There's an interesting phenomenon that occurs regarding horsepower and torque. As many of you know, this is that horsepower and torque always cross, and therefore equal each other at 5,252 RPM. But I've come to find out that many people may know this happens, but they don't know why this happens. You may know the equation and know why hp and torque equal each other at 5252 RPM, but how do you get that equation? After some random, nerdy, late-night physics browsing, I discovered that there are really no good explanations behind this. So, of course, I felt entitled to make one.
I will start off with the most common explanation behind this and will try to explain it the best I can. Then I'll give a real-world example that will hopefully help you understand if you still don't.
To begin, we should probably understand the importance of the gentleman named James Watt. He is the one who developed the entire idea of a "horsepower" and of course, the SI unit of power, the watt. Awhile back, Watt figured out that the average horse could do work at a rate 550 foot lbs per second, or 33,000 foot lbs per minute. This means that on average, a horse could move 33,000 lbs 1 foot in 1 minute. So 1 hp=33,000 foot lbs per minute. Makes sense.
Now, since we're talking about engines here, work is being applied to a rotating crankshaft. This means that we need to talk about torque. But what exactly does a ft-lb of torque mean? Well, it means that we have a 1 lb weight attached to a weightless bar 1 foot from the fulcrum. In the image below, "d" would equal 1 ft and "F" would equal 1 lb.
Now imagine that we rotate that bar an entire rotation, 360 degrees. The distance traveled is the circumference of the circle made, which is 2*radius*pi. In this case, it's 2*pi which equals 6.28319 ft. So the distance traveled in one rotation is 6.28319 ft and so 6.28319 ft-lbs of work (torque) was done.
Now let's go back to Watt's equations for hp. Watt figured out that 33,000 ft-lbs of work per minute equals 1 hp. If we divide 33,000 by 6.28319, we get 5,252.1. This means that for every 5,252 revolutions per minute of 1 ft-lb of torque, we get 1 hp. This can be modeled by saying:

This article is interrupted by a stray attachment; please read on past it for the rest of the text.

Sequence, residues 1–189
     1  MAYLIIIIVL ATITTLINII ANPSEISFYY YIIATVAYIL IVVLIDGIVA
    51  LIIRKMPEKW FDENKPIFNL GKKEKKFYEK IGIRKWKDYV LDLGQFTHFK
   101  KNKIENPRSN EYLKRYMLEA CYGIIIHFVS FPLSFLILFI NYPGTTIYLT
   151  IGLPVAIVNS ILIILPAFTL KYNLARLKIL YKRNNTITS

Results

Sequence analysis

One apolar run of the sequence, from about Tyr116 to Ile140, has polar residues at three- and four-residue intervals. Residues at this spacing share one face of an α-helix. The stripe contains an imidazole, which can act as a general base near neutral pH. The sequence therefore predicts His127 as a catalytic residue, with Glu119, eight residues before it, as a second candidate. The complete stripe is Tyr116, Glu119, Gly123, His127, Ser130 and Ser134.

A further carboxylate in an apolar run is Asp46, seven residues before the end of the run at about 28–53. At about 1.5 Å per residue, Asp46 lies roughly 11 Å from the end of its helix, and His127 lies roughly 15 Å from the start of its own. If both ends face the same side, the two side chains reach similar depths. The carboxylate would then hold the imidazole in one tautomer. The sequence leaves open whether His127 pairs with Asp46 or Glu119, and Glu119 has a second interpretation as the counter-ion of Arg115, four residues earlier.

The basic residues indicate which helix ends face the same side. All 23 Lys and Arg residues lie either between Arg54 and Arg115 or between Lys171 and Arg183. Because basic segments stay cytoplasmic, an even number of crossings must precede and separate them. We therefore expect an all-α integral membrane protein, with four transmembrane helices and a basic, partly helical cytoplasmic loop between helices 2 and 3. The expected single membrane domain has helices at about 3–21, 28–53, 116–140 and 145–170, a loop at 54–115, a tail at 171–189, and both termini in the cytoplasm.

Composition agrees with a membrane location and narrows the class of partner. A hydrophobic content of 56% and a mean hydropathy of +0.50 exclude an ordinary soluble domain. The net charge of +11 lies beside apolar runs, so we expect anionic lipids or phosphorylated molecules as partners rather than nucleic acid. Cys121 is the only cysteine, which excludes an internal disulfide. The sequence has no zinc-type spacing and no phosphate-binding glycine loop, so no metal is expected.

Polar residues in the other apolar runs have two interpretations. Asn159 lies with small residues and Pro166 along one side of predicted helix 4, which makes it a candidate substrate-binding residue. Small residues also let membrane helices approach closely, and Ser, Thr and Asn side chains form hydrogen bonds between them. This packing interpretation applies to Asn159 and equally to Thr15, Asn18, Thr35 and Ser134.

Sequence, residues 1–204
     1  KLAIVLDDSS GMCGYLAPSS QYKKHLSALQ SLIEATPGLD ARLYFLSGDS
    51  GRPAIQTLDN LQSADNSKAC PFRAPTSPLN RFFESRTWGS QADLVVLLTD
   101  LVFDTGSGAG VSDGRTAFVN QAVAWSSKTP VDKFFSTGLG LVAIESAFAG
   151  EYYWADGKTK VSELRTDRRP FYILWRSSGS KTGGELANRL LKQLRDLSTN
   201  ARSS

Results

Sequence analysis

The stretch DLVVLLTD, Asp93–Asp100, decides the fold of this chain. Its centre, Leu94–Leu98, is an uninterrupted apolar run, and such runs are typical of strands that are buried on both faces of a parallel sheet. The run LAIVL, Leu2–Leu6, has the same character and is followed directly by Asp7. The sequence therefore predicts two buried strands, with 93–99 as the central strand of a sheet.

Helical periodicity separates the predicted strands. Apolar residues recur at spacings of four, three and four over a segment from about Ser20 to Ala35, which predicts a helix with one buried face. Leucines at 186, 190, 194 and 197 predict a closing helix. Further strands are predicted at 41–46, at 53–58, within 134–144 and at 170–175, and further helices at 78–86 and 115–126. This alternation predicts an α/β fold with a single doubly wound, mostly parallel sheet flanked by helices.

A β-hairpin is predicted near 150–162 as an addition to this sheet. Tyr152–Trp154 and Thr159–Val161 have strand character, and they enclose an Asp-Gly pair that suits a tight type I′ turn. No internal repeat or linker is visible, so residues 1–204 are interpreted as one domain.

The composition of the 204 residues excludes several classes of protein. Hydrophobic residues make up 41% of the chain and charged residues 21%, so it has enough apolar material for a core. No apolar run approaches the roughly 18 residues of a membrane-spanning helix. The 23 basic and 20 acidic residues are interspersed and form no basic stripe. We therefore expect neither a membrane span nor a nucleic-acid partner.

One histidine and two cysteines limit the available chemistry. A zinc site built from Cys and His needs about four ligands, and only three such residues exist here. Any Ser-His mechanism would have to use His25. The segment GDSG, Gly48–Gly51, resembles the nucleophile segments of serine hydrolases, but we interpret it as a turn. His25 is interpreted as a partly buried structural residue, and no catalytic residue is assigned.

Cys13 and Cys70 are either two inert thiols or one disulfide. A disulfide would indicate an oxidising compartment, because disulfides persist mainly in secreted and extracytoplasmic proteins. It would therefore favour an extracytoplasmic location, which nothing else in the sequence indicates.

1 hp= (1ft-lb)(5252 RPM)
Now this is where people usually get confused. Basically, this equation is saying that hp will always equal torque when at 5252 RPM. But this isn't our final equation. If we know that hp and torque must equal each other at 5252 RPM, then let's say that at 5252 RPM, a car has 300 hp and 300 ft-lbs torque. If we plug this into that equation, we get 300=(300 ft-lb)(5252 RPM). S0, 300=1,575,600. But wait, it doesn't take a physicist to realize that 300 does not actually equal 1,575,600. So somehow, we need to make the right side of that equation equal to 300 so our equation looks something like "300=300." To do this, we simply divide the right by 300 and get the magic number 5252 again. This means that the right side of that bold equation needs to be divided by 5252 in order for the equation to be true. So therefore,
Lo and behold, that is the equation to calculate hp. This is how dynos work, too. They don't actually measure hp. They measure torque and RPM and then calculate hp using this equation. So let's say that a dyno measures that a car puts out 450 ft-lbs of torque at 5252 rpm. Using this equation, you get (450*5252)/5252, the 5252 cancels and you have 450 hp. That is why horsepower equals torque at 5252 RPM. This leads me into my final way of explaining this phenomenon that should be easier to grasp.
We now know that 1 hp=33,000 ft-lbs of work per minute. That's a pretty extreme and unrealistic scenario that I personally find harder to understand. So let's instead say that 1 hp= 200 lbs, 165 ft in one minute. Keep in mind that this is the same as 33,000 ft-lbs (200 lbs*165 ft=33,000 ft-lbs). So we have a force of 200 lbs. Pretend that is being applied in a rotational manner so it is now 200 foot lbs of torque. Now we have already discovered that the circumference of a circle with a radius of 1 ft is 6.28319 ft. So if we are moving something 165 ft per minute, we can divide that by 6.28319 and get 26.26 RPM. So we now know that we have 200 ft-lbs of torque at 26.26 RPM. So we know that 1 hp=200 ft-lb*26.26 RPM.
Let's say we dyno test a car and we observe that the car produces 500 ft-lbs of torque at 4500 RPM. We can therefore say we have two equations:
1 hp=200 ft-lb*26.26 RPM
X hp=500 ft-lbs*4500 RPM
When we multiple those out, we get 1 hp=5252 ft-lbs RPM and X hp=2,250,000 ft-lbs RPM. Since we know what 1 hp should equal, all we have to do to find the X amount of hp is divide 2,250,000 by 5252. When you do this, you get 428 hp. So all we did to find hp was take the amount of torque measured at a certain RPM, multiply the torque and RPM, and then divide that by 5252. Or, hp=(ft-lbs torque*RPM)/5252.
Hopefully you understood and this makes to look at your car in a slightly different (and cooler) way!